“I’ve definitely met some new people already and it has been fun,” he said.

Handling the quality of play has been going well so far.

“It’s definitely a little bit of a step up, but I wouldn’t say it’s a huge adjustment,” Miller said.

The pitching, he said, isn’t faster, “but everybody has a little bit better idea of what they’re doing.”

The Dust Devils play in the Northwest League, where teams hail from Washington, Oregon, Idaho and Vancouver. Miller said the longest trip is about six hours via bus.

Miller played in Oregon and Washington during his college career, so he knows at least a little about his new home.

“The Northwest is a really cool area, seeing the mountains,” he said.

The biggest adjustment has been not hearing that “ping” and seeing the ball bounce off his bat quite as fast. In the majors and minors, they use wooden bats. Miller was used to aluminum in college.

“It’s just a little bit different with the weight of the bat and stuff like that,” he said.

The Dust Devils play 76 games this summer, ending in early September. They are 2-3 so far.

If things go well, Miller could be moved to the Padres’ low A-level affiliate, the Tincaps in Fort Wayne, Ind.

“If I get called up there by the end of summer, that would be great. If not, I’ll just keep working hard,” he said.

Miller has yet to meet Padres manager Andy Green and any of the players, but he has met with scouting directors and scouts.

He comes to the Padres organization after a decorated college career at Illinois State, where he succeeded Paul DeJong, now the starting shortstop for the St. Louis Cardinals.

Miller hit .328 as a freshman, .325 as a sophomore and .384 as a junior, including a .433 on-base percentage. In his junior season, Miller broke the school’s single-season record for hits with 88 and scored 45 runs in 52 games, the second most on the team.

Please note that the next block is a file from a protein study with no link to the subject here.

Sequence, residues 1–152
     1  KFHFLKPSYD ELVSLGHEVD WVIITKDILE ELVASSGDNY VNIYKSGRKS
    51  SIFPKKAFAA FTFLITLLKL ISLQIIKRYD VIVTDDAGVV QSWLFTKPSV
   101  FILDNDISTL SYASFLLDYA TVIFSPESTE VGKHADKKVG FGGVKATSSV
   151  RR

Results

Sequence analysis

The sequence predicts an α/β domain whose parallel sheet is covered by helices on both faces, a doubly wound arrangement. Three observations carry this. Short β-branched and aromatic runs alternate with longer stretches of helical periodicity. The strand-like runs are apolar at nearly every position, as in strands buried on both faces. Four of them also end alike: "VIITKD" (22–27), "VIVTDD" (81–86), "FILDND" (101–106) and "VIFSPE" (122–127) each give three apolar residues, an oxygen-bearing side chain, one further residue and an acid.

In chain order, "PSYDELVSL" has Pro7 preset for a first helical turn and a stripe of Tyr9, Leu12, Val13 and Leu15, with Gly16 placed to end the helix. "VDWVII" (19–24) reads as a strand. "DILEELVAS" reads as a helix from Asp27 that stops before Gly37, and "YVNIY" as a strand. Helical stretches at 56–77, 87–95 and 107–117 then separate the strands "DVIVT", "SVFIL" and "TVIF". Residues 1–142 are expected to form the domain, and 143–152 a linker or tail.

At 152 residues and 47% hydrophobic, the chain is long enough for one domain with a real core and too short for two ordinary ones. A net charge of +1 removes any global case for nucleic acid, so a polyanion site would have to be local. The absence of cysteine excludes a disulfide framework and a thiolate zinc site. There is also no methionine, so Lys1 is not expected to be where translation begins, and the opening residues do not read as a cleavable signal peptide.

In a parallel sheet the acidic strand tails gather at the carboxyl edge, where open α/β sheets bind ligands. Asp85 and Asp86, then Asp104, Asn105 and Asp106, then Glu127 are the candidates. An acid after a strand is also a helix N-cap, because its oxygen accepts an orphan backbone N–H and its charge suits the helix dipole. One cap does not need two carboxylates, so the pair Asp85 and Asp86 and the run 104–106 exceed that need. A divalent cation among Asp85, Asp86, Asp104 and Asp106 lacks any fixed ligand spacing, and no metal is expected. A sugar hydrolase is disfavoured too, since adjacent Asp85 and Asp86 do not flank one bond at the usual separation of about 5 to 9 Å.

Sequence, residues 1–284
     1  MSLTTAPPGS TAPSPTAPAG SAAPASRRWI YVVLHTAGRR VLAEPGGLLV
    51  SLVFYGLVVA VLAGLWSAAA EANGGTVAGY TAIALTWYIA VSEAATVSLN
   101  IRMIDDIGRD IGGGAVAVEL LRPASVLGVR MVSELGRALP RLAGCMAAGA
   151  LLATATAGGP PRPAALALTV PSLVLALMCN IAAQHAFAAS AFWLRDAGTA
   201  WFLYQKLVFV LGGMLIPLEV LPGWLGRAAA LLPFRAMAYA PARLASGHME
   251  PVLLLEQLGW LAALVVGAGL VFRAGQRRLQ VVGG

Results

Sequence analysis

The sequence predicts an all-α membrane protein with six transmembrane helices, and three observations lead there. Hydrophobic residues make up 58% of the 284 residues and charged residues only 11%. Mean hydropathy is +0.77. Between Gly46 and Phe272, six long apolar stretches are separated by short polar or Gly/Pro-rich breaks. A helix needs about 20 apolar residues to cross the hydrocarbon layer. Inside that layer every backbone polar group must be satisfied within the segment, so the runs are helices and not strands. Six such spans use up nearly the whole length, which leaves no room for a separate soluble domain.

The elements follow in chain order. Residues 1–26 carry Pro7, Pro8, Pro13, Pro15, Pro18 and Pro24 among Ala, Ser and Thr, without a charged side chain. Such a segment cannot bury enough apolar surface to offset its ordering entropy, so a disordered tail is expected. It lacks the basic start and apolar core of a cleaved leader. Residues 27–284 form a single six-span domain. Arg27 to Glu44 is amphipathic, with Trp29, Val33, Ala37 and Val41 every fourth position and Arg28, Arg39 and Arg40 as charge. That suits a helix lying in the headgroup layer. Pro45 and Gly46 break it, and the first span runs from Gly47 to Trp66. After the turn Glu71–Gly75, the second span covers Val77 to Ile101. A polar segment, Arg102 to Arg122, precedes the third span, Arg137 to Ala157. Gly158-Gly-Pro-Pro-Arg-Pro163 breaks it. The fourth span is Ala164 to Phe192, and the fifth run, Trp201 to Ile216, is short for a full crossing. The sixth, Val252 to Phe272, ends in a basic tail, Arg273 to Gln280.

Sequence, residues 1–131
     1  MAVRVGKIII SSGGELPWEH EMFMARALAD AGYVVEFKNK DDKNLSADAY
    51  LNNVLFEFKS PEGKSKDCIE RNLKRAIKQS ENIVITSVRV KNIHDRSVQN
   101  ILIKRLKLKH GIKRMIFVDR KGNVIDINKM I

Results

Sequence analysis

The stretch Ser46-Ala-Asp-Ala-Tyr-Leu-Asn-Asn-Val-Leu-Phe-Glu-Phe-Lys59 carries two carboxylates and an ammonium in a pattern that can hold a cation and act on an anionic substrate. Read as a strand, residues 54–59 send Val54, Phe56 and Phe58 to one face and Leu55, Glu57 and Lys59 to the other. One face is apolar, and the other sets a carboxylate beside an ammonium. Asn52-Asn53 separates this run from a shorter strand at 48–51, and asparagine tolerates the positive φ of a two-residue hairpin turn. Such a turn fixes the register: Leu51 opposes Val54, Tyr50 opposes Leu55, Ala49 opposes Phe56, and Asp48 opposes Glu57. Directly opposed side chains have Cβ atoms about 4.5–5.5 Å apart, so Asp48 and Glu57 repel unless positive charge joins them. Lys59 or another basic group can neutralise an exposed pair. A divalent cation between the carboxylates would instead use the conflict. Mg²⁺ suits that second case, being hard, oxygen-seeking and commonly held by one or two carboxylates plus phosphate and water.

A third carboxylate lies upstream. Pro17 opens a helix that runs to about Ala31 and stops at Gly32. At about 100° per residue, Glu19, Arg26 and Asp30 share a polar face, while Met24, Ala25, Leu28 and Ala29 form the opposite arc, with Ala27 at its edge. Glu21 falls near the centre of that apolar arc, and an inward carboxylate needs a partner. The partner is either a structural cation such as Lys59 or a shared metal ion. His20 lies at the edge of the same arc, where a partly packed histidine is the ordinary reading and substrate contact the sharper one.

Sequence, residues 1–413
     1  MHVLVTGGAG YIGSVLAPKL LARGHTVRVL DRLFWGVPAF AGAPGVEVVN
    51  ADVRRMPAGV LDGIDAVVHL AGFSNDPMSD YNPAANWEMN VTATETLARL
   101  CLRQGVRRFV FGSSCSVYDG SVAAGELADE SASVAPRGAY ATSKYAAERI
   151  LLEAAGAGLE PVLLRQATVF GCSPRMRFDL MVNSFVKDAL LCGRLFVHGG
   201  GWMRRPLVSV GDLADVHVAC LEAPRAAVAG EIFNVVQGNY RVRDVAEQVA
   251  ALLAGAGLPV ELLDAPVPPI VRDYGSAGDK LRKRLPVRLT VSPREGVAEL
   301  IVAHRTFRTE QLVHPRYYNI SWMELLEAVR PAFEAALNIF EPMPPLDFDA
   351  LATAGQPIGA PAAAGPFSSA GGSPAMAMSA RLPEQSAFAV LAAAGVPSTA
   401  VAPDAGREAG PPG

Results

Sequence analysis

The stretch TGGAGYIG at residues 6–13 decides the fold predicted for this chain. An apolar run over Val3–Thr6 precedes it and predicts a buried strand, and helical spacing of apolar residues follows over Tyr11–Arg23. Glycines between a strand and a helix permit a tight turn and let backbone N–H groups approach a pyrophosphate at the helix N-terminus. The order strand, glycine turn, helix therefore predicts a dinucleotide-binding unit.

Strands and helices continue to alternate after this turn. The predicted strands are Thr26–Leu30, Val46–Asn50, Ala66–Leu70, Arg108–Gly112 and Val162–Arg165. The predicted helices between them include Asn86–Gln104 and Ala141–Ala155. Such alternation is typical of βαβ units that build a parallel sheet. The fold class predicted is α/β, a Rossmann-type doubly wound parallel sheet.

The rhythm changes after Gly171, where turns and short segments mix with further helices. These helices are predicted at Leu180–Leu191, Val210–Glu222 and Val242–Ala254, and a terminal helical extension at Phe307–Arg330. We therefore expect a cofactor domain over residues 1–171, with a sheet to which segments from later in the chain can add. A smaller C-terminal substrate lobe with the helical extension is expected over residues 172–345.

His father attended many of his games with the Redbirds in Normal, Ill., as well as road contests.

“I have watched his skills on the field improve every year, and when he went to college, with the help of their strength and conditioning programs, it elevated his game even more,” he said.

Last summer, Miller played 13 games with the Lakeshore Chinooks in the Northwoods League, a summer league for college players, and set a record by hitting for the cycle twice in a three-game span from July 3 to 5.

Miller has one year left to finish his business administration degree. He said he may go back and get it, depending on how his baseball career goes.

At Ozaukee High School, Miller played baseball his freshman season and was selected the team’s most valuable player before playing his final three years in high school with the Hitters Baseball club team in Racine.

In basketball, Miller broke the Warriors’ scoring record with 1,115 points.

Miller was the 11th shortstop to be taken. A total of 1,214 players were drafted.

Miller signed a $500,000 contract with the Padres.

He thanked the community for supporting him and for coming to see him play with the Chinooks in Mequon.

The best part about his experience so far, he said, goes back to that dream he had.

“It’s probably just the fact that I can call myself a professional baseball player now,” he said.

To follow Miller’s season with the Dust Devils, visit www.milb.com/tri-city-dust-devils.


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Ozaukee Press

Wisconsin’s largest paid circulation community weekly newspaper. Serving Port Washington, Saukville, Grafton, Fredonia, Belgium, as well as Ozaukee County government. Locally owned and printed in Port Washington, Wisconsin.

125 E. Main St.
Port Washington, WI 53074